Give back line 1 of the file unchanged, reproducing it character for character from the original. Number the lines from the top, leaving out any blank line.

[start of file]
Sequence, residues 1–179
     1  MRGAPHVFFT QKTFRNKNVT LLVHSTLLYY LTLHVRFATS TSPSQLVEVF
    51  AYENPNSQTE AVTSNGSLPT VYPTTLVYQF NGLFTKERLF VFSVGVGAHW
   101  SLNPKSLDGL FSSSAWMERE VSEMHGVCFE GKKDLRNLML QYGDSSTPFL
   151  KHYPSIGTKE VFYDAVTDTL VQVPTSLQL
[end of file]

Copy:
Sequence, residues 1–179